Superintendent Update November/December 2017
The book was written in 1900 and the film adaptation made in 1939. This classic, The Wizard of Oz, was entertaining and has been loved by children and adults alike for over a hundred years. While there are many themes in the book and film that could be debated, two that I have always appreciated are the simple messages to be thankful, and cultivate what is good in each of us. Dorothy begins by wishing for something that is “over the rainbow,” and ends with saying that there is “no place like home.” The Tin Man, Lion, and Scarecrow all wish for something more, (Heart, Courage, and Intelligence) but in tough situations realize that they really already have these things. It is interesting that both the book and the film were made during times of great upheaval in the United States. The book came on the heels of the Great Economic Panic of 1893 and the film of course came out during the Great Depression.
As we approach the holiday season, it is a time to reflect and be thankful for what we do have and face changes and challenges by cultivating the many resources that we have been given. Here are some specifics:
Nearly 250 Learners: We are blessed to have nearly 250 students that are eager and engaged. We have such a unique opportunity to work with students in kindergarten through twelfth grade in one building and are yet small enough to meet the individual needs of each of these students. While we have grown nearly 70% over the last 10 years, we still have a strong student focused culture.
An Excellent Staff: Our staff is qualified (over 70% have master degrees), and they care about students and meeting their needs. Their dedication, creativity, and enthusiasm makes a difference in the lives of students every day!
Great Volunteers and Supportive Community: Every year hundreds of parents, grandparents, and community members serve in our school. We just concluded our Harvest Party today. Page Logan did a great job putting this together and we had over 20 parent volunteers for just this event. Last week we had the Fall Fling Jazz Night and another large group of parents helped to put this event together. There are many who participate weekly, reading to students, helping in classrooms, helping to serve lunches, and serving on committees.
Now for some challenges:
The State’s New Funding Model: As I study this new model, I believe that we will actually have less money to spend on things that benefit our great students here in Trout Lake. Washington Legislators are touting how much new money will be invested in education in our state through 2021. This is true, but like most things the devil is in the details. Jim Kowalkowski, superintendent in the rural Davenport School District, (near Spokane) and head of the Rural Education Center, expresses his and my concerns very well,
“I believe (the new funding model) will lead to more disparity between rich districts and rural districts. Losing the Salary Allocation Model (SAM) and the Staff Mix (which helped poor rural districts at least offer the same base salary as most other districts) are going to be devastating. Richer districts will have more resources to offer more competitive salaries. That is not equity, that is tragic. We will now be forced to hire “the least expensive teacher” rather than the best qualified teacher. The SAM and Staff Mix worked well and should have been kept with the increases in salary for teachers in 2242 ( the new ed. Funding law). The loss of levy capacity (Trout Lake levy capacity will be reduced by one third to one half) will create significant hardship in many rural districts as well. The “increase” in state funding will mostly be categorical so many of the programs we currently use levy dollars for (sports, field trips, enhanced staffing, robotics, student run business, Glacier Graphics, Destination Imagination, outdoor school, technology enhancements, new curriculum purchases, building enhancements, etc.) are all at-risk.”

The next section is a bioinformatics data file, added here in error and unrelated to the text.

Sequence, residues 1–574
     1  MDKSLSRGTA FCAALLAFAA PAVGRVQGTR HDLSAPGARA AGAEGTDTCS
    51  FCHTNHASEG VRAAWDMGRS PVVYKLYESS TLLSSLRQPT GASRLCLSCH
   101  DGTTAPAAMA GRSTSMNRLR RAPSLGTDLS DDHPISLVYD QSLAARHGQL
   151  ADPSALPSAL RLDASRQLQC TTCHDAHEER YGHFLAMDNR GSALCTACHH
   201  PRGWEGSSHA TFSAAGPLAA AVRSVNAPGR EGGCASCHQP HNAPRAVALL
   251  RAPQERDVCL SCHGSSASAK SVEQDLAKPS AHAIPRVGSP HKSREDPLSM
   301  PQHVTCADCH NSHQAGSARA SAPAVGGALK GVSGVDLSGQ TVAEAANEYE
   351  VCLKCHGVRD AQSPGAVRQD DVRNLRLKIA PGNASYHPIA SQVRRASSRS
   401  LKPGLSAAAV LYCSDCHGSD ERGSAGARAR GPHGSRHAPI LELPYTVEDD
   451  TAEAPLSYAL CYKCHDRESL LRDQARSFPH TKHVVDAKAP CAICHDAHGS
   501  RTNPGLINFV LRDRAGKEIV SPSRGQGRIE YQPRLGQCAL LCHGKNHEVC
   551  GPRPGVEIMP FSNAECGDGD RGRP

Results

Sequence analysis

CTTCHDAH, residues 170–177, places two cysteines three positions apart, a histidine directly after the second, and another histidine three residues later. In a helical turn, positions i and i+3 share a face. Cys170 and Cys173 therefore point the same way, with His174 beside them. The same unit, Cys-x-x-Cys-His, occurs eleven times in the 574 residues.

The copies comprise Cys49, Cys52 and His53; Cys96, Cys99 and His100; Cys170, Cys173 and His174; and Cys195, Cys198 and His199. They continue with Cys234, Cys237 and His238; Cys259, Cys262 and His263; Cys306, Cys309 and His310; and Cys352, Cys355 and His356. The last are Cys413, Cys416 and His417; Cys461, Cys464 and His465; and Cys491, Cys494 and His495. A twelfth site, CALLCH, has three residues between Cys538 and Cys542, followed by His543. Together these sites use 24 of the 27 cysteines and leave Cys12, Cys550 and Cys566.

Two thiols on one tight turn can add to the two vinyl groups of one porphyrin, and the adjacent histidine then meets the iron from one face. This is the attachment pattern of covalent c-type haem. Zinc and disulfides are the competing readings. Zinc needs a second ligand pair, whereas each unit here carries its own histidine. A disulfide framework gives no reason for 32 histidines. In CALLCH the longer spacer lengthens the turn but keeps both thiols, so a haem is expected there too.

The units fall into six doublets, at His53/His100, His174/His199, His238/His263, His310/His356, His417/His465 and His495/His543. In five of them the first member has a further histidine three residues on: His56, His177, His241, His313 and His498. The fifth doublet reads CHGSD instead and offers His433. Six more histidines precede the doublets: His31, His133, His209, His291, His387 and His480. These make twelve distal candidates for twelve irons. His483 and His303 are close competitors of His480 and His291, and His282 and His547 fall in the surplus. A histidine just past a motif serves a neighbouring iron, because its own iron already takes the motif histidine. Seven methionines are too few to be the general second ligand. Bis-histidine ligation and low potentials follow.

This new state funding model will require some changes in the way that Trout Lake School District runs local levies. One thought is that the district may need to run several smaller levies, instead of one larger Maintenance and Operation Levy as it has done for the last 20 to 30 years. This may be able to keep our local funding stable.
Winter: Trout Lake winter is just around the corner. My weather consultant is calling for conditions much like last year. Make sure that your K-12 Alert contact information is up to date. If you need help with this, call Robin Dearden in the office. When winter weather hits, our staff begin driving roads at 5:00am in order to make a good decision regarding school delays and closures. Since we have students in our school from wide geographical areas, the weather conditions at your location may be very different from those in Trout Lake and surrounding areas. If you believe conditions are unsafe for your children, please feel free to keep them at home even though the school district has made a decision to not close school. We want you to be comfortable in sending your children to school in winter weather.
Once again, I am thankful for all that we have as a district and confident that we have the expertise to continue to move forward as a district. Have a great holiday season! As always if you have questions or concerns never hesitate to contact me.